DR. JAMES BROWNSON'S book Bible, Gender, Sexuality: Reframing the Church's Debate on Same-Sex Relationships calls us all into a deeper engagement with the Bible itself, exploring in the most thoughtful and thorough ways not just what it says but, more important, what these inspired words of revelation truly mean.
On the one hand, Brownson argues that many of those upholding a traditional Christian view of same-sex relationships have made unwarranted generalizations and interpretations of biblical texts that require far more careful and contextual scrutiny. On the other hand, those advocating a revised understanding often emphasize so strongly the contextual and historical limitations of various texts that biblical wisdom seems confined only to the broadest affirmations of love and justice.
For all, Brownson invites us into a far more authentic, creative, and probing encounter with the Bible as we consider the ethical questions and pastoral challenges presented by contemporary same-sex relationships in society and in our congregations. In so doing, Brownson does not begin by focusing on the oft-cited seven biblical passages seen as relating to homosexuality. Rather, he starts by examining the underlying biblical assumptions made by those holding to a traditional view, and dissecting the undergirding perspectives held by those advocating a revised view.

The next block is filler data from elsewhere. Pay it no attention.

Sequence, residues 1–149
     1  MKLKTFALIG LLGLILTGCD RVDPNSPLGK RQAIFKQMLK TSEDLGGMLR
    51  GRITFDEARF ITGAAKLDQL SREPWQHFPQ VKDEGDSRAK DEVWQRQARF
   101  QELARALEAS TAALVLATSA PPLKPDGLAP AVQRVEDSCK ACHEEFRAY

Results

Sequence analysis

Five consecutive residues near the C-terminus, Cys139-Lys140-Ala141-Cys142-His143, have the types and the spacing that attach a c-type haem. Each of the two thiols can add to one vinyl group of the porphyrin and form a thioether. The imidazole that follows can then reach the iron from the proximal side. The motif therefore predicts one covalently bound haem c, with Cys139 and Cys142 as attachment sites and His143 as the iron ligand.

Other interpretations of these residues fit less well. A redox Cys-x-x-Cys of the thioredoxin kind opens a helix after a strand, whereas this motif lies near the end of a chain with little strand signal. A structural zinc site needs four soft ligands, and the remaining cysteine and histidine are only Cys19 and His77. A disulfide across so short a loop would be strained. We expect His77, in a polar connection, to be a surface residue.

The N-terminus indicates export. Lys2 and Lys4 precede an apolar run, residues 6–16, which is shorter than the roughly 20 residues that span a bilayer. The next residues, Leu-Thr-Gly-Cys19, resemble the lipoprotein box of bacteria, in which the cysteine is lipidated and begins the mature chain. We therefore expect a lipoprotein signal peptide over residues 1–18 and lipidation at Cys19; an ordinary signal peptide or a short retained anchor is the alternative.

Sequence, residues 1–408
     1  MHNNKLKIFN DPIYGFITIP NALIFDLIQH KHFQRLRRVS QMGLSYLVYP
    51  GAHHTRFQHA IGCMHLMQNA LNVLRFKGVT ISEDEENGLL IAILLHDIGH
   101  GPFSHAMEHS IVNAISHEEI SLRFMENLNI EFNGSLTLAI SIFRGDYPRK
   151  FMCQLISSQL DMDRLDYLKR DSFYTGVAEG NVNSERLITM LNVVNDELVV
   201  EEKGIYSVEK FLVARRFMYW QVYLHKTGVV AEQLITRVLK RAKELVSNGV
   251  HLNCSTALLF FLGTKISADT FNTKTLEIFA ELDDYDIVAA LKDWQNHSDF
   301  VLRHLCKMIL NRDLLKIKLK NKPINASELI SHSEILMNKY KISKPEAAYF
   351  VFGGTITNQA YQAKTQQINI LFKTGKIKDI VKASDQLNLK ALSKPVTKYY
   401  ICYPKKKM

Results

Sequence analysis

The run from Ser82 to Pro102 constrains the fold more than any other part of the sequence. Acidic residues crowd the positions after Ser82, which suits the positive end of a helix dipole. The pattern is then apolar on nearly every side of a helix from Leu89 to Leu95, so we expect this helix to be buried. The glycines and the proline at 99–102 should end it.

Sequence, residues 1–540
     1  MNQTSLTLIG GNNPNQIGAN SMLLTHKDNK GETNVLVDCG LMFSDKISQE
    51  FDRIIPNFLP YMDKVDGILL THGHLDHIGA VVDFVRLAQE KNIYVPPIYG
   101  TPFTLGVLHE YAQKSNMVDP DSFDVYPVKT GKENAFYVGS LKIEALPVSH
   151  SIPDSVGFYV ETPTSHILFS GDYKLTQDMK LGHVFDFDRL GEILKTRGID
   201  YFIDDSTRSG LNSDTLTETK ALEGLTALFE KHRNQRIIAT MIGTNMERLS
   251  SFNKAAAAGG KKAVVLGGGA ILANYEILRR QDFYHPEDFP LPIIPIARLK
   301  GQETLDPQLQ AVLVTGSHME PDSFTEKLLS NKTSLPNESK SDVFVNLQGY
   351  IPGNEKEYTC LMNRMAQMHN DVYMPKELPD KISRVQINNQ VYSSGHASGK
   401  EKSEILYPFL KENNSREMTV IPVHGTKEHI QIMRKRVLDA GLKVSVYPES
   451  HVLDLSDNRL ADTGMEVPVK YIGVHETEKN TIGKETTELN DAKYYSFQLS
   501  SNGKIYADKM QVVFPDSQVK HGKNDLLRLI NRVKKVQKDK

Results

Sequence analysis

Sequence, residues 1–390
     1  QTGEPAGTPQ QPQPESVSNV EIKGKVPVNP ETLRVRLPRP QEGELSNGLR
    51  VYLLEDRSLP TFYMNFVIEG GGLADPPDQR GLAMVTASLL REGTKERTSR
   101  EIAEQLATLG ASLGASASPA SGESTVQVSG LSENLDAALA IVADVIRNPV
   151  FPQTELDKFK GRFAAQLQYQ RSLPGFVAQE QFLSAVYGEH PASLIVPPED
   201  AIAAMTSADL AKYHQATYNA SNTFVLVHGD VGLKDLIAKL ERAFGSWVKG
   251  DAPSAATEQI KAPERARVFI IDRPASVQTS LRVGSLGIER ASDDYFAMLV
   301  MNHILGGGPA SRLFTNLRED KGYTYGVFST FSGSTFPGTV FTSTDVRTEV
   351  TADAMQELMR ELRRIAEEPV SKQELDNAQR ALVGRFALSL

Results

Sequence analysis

One of Brownson's central insights is that the traditional argument against same-sex relationships rests on an assumption of male and female "complementarity." But Brownson does not find convincing biblical support for such a complementarian view. Moving the dialogue to this level, in my view, will prove to be enormously helpful. Instead of being trapped in shallow debates over the meaning of a few isolated biblical passages, Brownson grounds his approach in foundational biblical understandings of gender and sexuality. He takes the Bible seriously, engaging it faithfully and deeply, and encourages the reader to do the same.
Personally, I find his biblical arguments persuasive. Other readers may not. But in the end, the goal of this book is not persuasion, but invitation—into a broader, deeper, and ultimately more honest dialogue. Perhaps most important, Bible, Gender, Sexuality can play a critical role in doing what the remainder of its title proposes: reframing the church's debate on same-sex relationships. That's a new conversation that would benefit us all. —Wesley Granberg-Michaelson